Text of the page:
New farm animal welfare plan ‘must not distract from fur and foie gras U-turn’

Payment-by-results scheme will include annual visits by a vet funded by the government

Jane Dalton
Friday 25 February 2022 13:43 GMT
The government has pledged to implement the better chicken commitment, which means slower-growing breeds
The government has pledged to implement the better chicken commitment, which means slower-growing breeds ( )

A new government plan aimed at improving farm animal welfare must not distract from ministers’ backtracking on a ban on fur and foie gras, critics have warned.

Farmers will be encouraged to keep cows, pigs and sheep healthier and in better conditions under the “animal health and welfare pathway” plan from the Department for Environment, Food and Rural Affairs.

The payment-by-results scheme will include annual visits by a vet paid for by the government, and grants will be available for equipment and technology or to upgrade housing for cattle to reduce lameness and calf mortality.

Farmers will be encouraged to improve biosecurity to control pig diseases and improve the feather cover of laying hens, the government says.

Laying hens often suffer bald patches where they are repeatedly pecked by others through frustration caused by overcrowding, and pigs have their tails and teeth routinely cut for similar reasons.

The government also pledged for the first time to implement the better chicken commitment (BCC), which requires slower-growing breeds and lower stocking densities.

Hidden cameras inside chicken barns that supply supermarkets have repeatedly shown birds struggling to breathe and collapsing under their own weight because they are bred to grow exceptionally rapidly.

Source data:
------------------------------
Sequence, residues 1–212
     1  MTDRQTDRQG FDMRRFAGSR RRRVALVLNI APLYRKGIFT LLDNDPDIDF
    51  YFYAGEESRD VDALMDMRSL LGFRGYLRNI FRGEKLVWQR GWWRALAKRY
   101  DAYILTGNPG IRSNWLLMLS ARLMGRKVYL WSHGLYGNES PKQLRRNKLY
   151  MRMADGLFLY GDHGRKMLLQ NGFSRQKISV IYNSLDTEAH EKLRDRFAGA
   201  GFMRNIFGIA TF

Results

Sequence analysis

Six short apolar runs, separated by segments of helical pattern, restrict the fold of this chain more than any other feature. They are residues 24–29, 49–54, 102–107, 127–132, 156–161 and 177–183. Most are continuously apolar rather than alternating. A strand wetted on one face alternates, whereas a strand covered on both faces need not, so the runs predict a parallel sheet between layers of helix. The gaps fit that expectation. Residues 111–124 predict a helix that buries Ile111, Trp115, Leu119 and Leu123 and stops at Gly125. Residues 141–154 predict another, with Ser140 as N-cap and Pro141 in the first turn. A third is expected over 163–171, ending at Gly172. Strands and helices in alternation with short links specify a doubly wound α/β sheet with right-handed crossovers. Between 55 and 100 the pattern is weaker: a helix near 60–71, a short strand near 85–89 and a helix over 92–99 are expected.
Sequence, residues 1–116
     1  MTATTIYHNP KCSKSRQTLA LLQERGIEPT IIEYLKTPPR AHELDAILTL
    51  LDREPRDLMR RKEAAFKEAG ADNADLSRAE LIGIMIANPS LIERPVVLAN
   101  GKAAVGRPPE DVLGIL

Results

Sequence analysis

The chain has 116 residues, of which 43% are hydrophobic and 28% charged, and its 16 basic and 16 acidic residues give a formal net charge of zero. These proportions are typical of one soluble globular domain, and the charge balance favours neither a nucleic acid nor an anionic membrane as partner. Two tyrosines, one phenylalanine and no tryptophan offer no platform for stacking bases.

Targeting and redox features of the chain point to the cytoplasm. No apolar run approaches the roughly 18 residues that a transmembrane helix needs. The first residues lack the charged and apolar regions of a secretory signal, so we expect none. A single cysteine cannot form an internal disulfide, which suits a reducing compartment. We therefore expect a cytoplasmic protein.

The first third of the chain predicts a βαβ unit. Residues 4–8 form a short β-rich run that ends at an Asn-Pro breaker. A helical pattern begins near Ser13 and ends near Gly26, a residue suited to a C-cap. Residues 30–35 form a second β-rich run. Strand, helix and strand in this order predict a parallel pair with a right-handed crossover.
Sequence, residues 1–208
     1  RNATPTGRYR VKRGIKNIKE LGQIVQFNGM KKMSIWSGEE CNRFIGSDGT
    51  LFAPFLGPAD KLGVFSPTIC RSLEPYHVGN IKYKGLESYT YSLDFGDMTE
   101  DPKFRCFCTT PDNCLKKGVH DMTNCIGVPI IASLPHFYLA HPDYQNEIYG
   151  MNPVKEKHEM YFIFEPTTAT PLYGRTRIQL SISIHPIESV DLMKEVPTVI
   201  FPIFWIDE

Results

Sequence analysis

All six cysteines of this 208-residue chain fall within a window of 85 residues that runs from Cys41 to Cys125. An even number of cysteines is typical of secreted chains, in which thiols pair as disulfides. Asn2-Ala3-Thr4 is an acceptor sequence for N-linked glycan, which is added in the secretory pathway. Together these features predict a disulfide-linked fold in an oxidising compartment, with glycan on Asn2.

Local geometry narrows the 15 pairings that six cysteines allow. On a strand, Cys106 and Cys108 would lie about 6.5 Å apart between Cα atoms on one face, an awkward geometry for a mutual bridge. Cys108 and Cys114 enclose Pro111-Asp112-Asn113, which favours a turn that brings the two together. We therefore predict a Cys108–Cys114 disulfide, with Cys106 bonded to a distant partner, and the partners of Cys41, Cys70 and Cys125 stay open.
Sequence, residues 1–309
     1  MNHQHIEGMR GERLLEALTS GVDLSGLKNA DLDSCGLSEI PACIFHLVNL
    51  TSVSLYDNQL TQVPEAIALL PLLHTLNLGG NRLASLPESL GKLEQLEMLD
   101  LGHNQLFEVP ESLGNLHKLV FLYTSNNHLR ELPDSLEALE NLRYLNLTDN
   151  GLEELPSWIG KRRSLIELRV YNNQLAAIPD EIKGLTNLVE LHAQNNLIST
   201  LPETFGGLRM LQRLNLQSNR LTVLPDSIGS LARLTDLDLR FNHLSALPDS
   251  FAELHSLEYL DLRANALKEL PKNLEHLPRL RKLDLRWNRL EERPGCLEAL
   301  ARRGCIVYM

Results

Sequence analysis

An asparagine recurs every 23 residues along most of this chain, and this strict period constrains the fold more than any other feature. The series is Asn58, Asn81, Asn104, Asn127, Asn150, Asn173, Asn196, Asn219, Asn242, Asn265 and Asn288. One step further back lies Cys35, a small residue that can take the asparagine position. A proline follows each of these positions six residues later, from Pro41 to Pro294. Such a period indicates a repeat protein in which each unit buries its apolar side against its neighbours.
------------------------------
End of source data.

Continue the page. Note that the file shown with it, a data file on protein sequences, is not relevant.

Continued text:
And dying birds are also cannibalised by others or trodden underfoot because of crowded conditions.

The Humane League, which has long lobbied supermarkets, chefs and caterers to adopt the better chicken commitment, welcomed the official policy as “a really significant and welcome milestone”.

But spokeswoman Hannah Yates added: “It should not serve to distract from the concerning backtracking on the fur and foie gras legal ban”.

The government is reportedly set to ditch plans in the Animals Abroad Bill to outlaw fur and foie gras imports after cabinet members Jacob Rees-Mogg, Brandon Lewis and Ben Wallace objected.

It has prompted a furious response across the UK, with animal-welfare organisations uniting to condemn the decision while hoping the ban can be introduced through another bill.

Naturalist Chris Packham has launched a petition against dropping the ban, saying: “In a civilised society, freedom of choice cannot be allowed to trump moral decency.”

A new academic analysis of public attitudes to fur sales has found 83.4 per cent disapproved of imports.

The study, based on nine opinion polls between 1997 and 2021, also found 78.4 per cent backed a total ban on fur imports and sales in the UK.

Footage and testimonies from inside fur farms have shown mink, raccoon dogs and foxes suffering infected, painful wounds and mental torture from being caged.

Ms Yates added: “The fact that the government is willing to help fund the transition towards the BCC begs the question of why supermarkets are still laggards when it comes to improving chicken welfare.

“While leading companies in other sectors such as KFC, Nestlé, Kraft-Heinz, and Sodexo have all committed to the BCC, only Waitrose and M&S have signed up from the retail sector.

“Supermarkets should be investing their profits into raising the baseline standards of animal welfare, especially as taxpayers are going to pay for these improvements.”

Andrew Opie, director of food and sustainability at the British Retail Consortium, said: “Our members take their responsibilities to animal welfare very seriously and they ensure it is a key part of the production standards for all the meat they sell.

“Retailers already give consumers the choice of how their chicken is reared, including free-range and organic chicken, in addition to the standard range.”

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